Cherry Levy Differential

Why do cherry growers get the same voting rights in the commodity levy renewal referendum when they pay levy at a lower rate?

The question was raised by a grower at one of our consultation meetings using the example of a cherry grower with $1,000,000 of sales who has paid $7,500 levy at the 0.0075 rate applied to cherries. 

A grower of the other summerfruit crops with $1,000,000 of sales value will pay $15,000 levy at the 0.015 levy rate applied to other summerfruits.  How is this fair?

 

1.  From a regulatory perspective:

  • The Commodity Levies Act directs us to use the levy calculation method to weight the referendum votes.  For summerfruit this is the total value of sales.
  • The Commodity Levies Act also directs that the sales value is based on the levy order commodity (in our case summerfruit) rather than the fruit type (apricots, cherries, nectarines, peaches and plums).
  • On the ballot paper we ask growers to declare total sales value for summerfruit for the previous 12 months.
  • Our levy order recognises that cherries have higher value and lower overall production per hectare than the other fruits covered by our levy.  That is why we have a maximum cherry levy rate of 1% of the selling price, while for other fruit this maximum figure is 1.75%. 
  • The actual rate for each season is set at the preceding AGM.  
    • The Board makes a levy rate recommendation to the AGM through a resolution.
    • Growers can submit their own resolution proposing different rates (within the levy order maximums), such as proposing the levy rates be the same for all summerfruit crops.
    • Growers then vote on the levy rate resolution.
    • The Board cannot change the levy rate without growers approval.

2.  From the Summerfruit NZ Board’s perspective:

  • Cherry crops are higher in value per kg, but lower in overall production per hectare compared to the other summerfruit crops.  The different levy rates are a fair and equitable reflection of sales and levies per hectare regardless of fruit type.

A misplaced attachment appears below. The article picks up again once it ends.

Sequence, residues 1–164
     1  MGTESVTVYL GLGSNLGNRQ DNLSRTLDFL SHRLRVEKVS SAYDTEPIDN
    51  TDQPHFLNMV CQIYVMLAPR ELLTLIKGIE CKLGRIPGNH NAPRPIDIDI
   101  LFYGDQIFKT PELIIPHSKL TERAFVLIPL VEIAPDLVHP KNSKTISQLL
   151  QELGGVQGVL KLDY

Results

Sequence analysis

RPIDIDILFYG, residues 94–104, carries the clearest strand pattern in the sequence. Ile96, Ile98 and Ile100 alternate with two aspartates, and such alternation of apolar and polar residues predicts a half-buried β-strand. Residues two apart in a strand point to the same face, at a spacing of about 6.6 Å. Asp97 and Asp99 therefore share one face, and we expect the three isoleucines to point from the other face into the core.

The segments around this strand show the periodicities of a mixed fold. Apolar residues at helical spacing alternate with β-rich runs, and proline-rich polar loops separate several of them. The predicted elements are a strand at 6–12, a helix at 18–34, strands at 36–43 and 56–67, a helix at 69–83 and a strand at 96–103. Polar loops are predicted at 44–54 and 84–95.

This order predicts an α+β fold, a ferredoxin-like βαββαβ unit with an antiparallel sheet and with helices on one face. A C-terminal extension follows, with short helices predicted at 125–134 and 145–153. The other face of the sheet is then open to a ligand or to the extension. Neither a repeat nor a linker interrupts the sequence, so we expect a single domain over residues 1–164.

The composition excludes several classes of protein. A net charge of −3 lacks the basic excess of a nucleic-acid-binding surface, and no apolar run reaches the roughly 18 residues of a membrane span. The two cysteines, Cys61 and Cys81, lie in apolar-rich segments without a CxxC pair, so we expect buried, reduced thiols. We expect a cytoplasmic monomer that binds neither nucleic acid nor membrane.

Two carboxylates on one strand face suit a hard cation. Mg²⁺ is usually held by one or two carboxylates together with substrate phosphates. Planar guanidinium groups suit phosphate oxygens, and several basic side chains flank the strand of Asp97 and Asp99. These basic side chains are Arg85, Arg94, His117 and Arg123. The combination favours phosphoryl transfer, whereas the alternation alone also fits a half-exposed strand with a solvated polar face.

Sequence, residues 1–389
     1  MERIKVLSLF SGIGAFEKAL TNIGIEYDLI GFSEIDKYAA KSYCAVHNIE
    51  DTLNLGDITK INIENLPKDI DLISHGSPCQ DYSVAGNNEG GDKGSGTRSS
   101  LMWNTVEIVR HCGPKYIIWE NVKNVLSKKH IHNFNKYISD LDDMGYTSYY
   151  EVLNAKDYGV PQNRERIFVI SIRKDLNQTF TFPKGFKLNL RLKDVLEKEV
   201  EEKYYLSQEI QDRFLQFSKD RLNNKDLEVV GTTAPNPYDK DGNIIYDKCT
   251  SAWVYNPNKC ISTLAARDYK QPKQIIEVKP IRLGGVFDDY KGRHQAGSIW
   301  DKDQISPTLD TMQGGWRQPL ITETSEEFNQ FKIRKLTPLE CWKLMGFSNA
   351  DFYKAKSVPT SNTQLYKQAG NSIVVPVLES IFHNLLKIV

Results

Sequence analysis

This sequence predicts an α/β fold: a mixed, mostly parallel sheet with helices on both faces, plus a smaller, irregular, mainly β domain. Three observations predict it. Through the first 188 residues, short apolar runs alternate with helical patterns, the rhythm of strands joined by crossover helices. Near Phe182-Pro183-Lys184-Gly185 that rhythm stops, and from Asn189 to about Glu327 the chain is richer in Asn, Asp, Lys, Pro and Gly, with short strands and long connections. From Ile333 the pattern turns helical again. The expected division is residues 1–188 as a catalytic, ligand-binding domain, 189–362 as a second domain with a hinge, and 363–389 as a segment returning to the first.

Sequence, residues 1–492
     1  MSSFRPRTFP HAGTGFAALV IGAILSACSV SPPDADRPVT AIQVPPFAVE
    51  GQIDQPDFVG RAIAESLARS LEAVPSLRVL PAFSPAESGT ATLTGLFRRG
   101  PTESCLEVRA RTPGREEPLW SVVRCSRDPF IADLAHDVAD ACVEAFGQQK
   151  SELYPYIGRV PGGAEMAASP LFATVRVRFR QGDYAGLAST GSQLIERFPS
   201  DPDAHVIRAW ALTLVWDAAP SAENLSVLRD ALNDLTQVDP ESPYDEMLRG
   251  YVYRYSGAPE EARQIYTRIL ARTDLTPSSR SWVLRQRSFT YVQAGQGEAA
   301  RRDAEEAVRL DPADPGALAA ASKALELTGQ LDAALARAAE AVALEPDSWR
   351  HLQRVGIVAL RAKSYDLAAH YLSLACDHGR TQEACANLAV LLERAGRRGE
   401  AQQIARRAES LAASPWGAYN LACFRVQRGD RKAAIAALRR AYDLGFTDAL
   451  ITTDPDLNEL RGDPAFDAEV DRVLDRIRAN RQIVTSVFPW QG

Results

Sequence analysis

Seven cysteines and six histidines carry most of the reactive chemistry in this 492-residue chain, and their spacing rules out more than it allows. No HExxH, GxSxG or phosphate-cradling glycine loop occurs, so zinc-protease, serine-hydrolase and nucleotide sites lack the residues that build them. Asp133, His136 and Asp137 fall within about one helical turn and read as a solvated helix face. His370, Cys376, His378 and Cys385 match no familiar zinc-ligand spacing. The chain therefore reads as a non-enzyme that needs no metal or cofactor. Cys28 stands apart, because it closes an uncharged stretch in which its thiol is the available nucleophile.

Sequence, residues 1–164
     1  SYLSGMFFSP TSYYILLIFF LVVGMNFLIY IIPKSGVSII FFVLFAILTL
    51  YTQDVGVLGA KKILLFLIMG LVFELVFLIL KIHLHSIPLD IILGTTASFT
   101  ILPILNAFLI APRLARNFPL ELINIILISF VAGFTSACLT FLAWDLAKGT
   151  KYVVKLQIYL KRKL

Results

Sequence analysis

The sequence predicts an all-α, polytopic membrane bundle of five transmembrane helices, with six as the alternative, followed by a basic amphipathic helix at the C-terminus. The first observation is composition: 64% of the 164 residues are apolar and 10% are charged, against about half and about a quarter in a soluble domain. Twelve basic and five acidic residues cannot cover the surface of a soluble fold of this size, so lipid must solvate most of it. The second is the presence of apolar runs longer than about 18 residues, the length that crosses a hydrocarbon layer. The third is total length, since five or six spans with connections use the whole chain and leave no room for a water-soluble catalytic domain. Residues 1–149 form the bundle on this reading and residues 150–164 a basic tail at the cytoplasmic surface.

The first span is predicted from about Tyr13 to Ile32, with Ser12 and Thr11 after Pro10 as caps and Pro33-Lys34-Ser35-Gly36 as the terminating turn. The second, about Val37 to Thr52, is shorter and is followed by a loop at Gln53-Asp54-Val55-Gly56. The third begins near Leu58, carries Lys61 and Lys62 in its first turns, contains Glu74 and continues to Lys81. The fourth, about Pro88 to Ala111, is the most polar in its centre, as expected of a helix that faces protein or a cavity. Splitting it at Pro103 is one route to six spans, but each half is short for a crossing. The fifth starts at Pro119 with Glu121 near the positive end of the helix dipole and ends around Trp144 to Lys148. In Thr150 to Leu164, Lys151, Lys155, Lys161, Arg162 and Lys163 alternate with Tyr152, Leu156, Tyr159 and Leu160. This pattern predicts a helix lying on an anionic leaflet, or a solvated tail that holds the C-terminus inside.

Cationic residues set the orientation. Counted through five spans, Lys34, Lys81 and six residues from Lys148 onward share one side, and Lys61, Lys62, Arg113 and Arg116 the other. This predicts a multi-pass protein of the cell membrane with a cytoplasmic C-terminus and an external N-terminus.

See below examples based on an estimated  three year average of volumes per hectare and selling prices per kg.  Naturally some years are better than others.

For example at current levy rates: 

  Cherries Other fruit types
Tonnes / ha 12 tonnes 30 tonnes
Per kg $ $15 $3
Total sales value $180,000 $90,000
Levy rate 0.0075 0.015
Total levy paid $1,350 $1,350

 

However, if the levy rates were the same (and set at the rate for apricots, nectarines, peaches and plums):

  Cherries Other fruit types
Tonnes / ha 12 tonnes 30 tonnes
Per kg $ $15 $3
Total sales value $180,000 $90,000
Levy rate 0.015 0.015
Total levy paid $2,700 $1,350

 

There are other financial considerations such as the investment/establishment costs and ongoing production costs for each fruit type which need to be considered.

 

Democratic Processes:

The Commodity Levies Act, the Commodity (Summerfruit) Levy Order and the rules of Summerfruit NZ each provide checks and balances for levy payers.               

  • The actual levy rate for each season is set at the preceding AGM.  
    • The Board makes a levy rate recommendation to the AGM through a resolution.
    • Growers can submit their own resolution proposing different rates (within the levy order maximums), such as proposing the levy rates be the same for all summerfruit crops.
    • Growers then vote on the levy rate resolution.
    • The Board cannot change the levy rate without growers approval.
  • If growers are unhappy with the performance of the Board they have the ability to change the Board via the annual Board elections, nominating and then voting for preferred candidates.
  • Growers are required to be consulted, and then vote, on the levy order every six years.
  • If growers have concerns which they feel are not being considered during the renewal process they can address their concerns in writing directly to MPI or the Minister.